The CIA's Curious Report on Iran's Nuclear Program
Ignoring more questions than it answers.
4:15 PM, Apr 1, 2010 • By MICHAEL ANTON
WINPAC—the CIA’s clearinghouse for data on various weapons and delivery systems—sent a new report to Congress this week that amounts to one of the intelligence community’s few sustained public statements on Iran’s drive to acquire nuclear weapons since the widely noticed (and discredited) November 2007 National Intelligence Estimate. This report is not to be confused with a new NIE, which is in the works and said to be ready for release sometime this month. This, rather, is a more routine document, required by law and mostly treated as pro forma.
That partly explains why the report got so little attention. But it is not without interest.
Recall that the crux of the 2007 NIE was the assertion that, in 2003, Iran halted its efforts to acquire nuclear weapons and had not since restarted them. That finding was based solely on the Intelligence Community’s judgment that Iran had stopped working on “weaponization,” i.e., designing bombs and acquiring and making their components. A footnote clarified that this finding did not cover “Iran’s declared civil work related to uranium conversion and enrichment.” Since the same technology used to make reactor fuel can easily produce fissile material usable for a weapon, and since producing such material is by far the hardest part of making a nuclear weapon, the footnote essentially cut the guts out of the main text’s finding. Even the NIE’s putative author, Director of National Intelligence Mike McConnell, eventually admitted as much. Testifying before Congress in February 2008, he said, “The only thing that they’ve halted was nuclear weapons design, which is probably the least significant part of the program. So if I’d had until now to think about it, I probably would have changed a thing or two.”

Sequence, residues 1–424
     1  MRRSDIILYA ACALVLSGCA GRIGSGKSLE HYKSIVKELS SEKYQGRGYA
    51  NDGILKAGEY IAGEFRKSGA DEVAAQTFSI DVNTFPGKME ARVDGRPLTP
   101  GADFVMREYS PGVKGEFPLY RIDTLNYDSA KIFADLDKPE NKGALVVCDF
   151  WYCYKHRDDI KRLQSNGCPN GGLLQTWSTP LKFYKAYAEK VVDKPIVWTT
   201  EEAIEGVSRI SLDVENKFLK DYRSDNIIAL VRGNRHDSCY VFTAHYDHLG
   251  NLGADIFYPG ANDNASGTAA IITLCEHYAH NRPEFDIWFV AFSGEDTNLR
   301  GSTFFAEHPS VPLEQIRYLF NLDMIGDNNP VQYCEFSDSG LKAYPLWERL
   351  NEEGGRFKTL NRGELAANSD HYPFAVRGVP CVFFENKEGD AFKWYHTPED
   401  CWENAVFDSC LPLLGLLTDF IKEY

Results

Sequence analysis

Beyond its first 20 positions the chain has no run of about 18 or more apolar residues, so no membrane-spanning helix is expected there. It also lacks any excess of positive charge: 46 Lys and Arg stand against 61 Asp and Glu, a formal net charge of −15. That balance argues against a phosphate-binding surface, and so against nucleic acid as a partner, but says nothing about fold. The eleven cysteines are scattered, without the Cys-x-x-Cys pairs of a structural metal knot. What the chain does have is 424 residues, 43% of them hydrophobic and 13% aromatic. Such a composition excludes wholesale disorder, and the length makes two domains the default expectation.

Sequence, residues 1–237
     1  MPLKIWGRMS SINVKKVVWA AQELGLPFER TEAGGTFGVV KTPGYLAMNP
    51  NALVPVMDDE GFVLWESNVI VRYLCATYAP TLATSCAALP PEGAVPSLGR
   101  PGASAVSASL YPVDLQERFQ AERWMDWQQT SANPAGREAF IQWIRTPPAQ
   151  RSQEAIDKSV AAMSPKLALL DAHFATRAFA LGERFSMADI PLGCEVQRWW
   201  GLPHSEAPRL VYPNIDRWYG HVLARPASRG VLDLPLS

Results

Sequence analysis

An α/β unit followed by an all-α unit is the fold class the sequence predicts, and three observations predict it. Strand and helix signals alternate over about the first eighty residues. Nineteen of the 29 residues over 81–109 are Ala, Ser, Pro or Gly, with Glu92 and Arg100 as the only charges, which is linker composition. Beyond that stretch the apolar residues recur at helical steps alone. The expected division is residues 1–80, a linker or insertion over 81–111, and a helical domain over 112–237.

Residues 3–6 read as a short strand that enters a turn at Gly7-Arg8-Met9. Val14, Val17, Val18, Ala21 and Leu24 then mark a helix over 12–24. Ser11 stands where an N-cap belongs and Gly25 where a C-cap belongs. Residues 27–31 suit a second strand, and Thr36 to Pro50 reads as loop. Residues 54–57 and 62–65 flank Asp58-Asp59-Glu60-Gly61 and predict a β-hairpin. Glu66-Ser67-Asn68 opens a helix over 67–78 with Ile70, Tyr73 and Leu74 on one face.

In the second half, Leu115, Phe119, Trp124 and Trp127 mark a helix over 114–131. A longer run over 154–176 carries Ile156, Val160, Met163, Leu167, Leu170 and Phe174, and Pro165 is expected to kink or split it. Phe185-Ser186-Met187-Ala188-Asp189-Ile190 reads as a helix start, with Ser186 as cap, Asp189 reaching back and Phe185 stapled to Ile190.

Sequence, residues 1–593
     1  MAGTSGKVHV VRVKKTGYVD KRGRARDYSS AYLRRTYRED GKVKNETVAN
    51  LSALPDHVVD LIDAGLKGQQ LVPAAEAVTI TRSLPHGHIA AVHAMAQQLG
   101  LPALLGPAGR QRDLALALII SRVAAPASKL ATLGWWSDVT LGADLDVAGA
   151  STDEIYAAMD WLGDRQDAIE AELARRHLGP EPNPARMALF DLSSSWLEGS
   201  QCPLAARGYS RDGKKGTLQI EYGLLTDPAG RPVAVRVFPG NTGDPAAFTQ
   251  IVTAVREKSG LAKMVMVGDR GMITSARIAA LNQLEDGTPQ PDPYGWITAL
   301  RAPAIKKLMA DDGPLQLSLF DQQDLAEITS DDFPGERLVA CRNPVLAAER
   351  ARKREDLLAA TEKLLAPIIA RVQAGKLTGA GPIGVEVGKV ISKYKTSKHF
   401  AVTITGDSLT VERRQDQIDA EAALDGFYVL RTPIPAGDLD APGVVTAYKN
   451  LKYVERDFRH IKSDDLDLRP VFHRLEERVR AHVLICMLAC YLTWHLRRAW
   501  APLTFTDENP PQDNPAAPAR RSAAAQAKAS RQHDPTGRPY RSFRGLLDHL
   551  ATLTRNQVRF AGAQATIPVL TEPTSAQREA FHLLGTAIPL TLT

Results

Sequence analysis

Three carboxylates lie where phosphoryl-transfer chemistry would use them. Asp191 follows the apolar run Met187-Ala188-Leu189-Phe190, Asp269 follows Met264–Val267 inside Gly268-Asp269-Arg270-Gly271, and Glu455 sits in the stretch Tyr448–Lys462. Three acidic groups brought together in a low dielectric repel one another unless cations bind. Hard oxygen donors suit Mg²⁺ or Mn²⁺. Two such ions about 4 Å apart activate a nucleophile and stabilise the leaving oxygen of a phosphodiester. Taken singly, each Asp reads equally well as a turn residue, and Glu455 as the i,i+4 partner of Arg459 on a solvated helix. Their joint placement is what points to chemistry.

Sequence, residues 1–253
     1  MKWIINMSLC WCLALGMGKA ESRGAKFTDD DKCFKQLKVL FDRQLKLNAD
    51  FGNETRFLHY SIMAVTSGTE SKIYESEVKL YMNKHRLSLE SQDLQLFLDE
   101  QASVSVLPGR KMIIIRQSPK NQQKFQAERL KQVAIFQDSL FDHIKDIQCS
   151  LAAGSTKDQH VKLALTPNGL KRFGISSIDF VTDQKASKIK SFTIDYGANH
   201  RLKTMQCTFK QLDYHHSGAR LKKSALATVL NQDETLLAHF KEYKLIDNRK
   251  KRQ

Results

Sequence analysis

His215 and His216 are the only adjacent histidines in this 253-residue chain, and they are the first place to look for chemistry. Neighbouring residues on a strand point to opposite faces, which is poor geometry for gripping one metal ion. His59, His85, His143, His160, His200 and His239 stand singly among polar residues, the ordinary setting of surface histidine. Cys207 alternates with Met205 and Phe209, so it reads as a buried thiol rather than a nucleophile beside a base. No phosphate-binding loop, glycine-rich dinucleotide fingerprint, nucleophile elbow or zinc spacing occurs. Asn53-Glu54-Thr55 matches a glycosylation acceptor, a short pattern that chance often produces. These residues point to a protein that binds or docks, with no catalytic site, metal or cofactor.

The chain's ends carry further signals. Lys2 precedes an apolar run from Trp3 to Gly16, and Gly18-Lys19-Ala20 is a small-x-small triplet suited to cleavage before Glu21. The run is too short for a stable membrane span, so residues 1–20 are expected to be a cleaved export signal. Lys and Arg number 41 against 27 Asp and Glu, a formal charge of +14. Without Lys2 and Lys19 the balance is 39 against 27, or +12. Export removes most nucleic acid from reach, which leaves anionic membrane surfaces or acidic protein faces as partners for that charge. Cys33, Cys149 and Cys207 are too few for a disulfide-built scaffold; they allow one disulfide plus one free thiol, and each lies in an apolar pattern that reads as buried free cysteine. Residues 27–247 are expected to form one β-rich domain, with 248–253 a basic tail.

The prior WINPAC report, which covered calendar year 2008 and was released in early 2009, repeated the 2007 NIE’s language almost word for word, despite the DNI’s disavowal of a year prior. The latest one, which dropped on Tuesday of this week and covers 2009, makes no mention whatsoever of weaponization. Were transcripts of McConnell’s remarks finally circulated to the drafters?
Whatever the reason, the omission is curious. If WINPAC now judges that the 2007 NIE was wrong (an inescapable conclusion, incidentally), why not just say so? Wouldn’t it help restore some of the Intelligence Community’s lost credibility? Allied intelligence services never believed the NIE and were embarrassed by it. Wouldn’t a signal to them that we have regained our senses be useful?
Even more curious: there was a significant piece of news late last year regarding weaponization. Apparently, a still-secret report by the International Atomic Energy Agency found evidence that Iran was testing high-explosive lens for a two-point implosion warhead design. This is significant because A) that is purely weapons technology; it has no other possible use; B) it’s a sophisticated design, well beyond the first generation bombs that so far every nuclear power has used as their initial step; and C) the purpose of two point implosion is to reduce a warhead’s weight and bulk, making it easier to put it on a missile.
Clearly, this leak threw another swimming pool full of cold water on the 2007 NIE’s finding that Iran had halted “weaponization” in 2003. Two-point implosion is weaponization pure and simple.
But the new report doesn’t mention it. Is that because we know the IAEA is wrong? Because the leak was wrong and the IAEA finding was not as advertised? We have no way of knowing and the WINPAC report sheds no light.
Reading a little further, one finds the latest expression of a now-common argument as to why no one should be too worried quite yet about Iran’s intentions. Because, after all, we don’t yet know what those intentions are:
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